Judge Katzmann takes issue with the majority on this point as to the second element, concluding that the modus operandi of individuals involved in organized crime is to assume that anything they say could be used at some point in any variety of legal proceedings, however far down the road
Giuseppe's grand jury testimony was not introduced at trial
As noted above, Imbrieco's plea allocution only discussed Cerasulo's — and not Fortunato's — attempt to influence a grand jury witness. In Imbrieco's plea allocution, he described an agreement among the defendants in 1994 (as incredible as it seems) to make false statements to the FBI, by answering the following questions in the affirmative:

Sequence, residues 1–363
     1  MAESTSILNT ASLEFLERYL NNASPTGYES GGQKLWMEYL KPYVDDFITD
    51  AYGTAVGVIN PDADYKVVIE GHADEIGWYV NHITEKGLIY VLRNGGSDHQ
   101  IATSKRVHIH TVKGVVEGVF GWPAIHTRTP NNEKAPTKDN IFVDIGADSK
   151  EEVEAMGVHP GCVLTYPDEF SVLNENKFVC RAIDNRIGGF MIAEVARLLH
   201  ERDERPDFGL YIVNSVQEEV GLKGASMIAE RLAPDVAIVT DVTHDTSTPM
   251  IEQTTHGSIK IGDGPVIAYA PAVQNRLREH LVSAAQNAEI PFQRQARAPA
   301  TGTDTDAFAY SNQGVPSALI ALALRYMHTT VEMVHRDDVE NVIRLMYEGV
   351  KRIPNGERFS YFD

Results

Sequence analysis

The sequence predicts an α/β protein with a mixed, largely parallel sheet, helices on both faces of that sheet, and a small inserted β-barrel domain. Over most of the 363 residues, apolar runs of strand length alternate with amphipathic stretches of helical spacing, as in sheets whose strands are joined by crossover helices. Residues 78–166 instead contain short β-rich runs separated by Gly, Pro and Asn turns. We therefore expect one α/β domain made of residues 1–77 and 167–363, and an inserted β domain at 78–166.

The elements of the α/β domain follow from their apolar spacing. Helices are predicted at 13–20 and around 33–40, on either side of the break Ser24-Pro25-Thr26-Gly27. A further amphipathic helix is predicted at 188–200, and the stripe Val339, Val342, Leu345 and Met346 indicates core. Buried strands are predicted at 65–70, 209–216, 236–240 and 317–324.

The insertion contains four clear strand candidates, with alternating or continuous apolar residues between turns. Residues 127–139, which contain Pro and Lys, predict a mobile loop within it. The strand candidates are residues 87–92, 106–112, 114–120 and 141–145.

[Did] you, Fortunato, Polito, Cerasuolo [sic] or anybody else h[ave] a meeting of the minds, an understanding, that a false statement was going to be made to an FBI agent[?] ... And also [did] you and one or more of these other people named or anybody else tr[y] to obstruct the due administration of justice[?]
Did you have such an agreement?
Is it also true that on or about [November 7, 2001], John Doe [i.e., Giuseppe], who the Grand Jury kn[ew] the identity of, testified before a Grand Jury in this Court[?]
[Was there] an effort made to influence the testimony of that Grand Jury?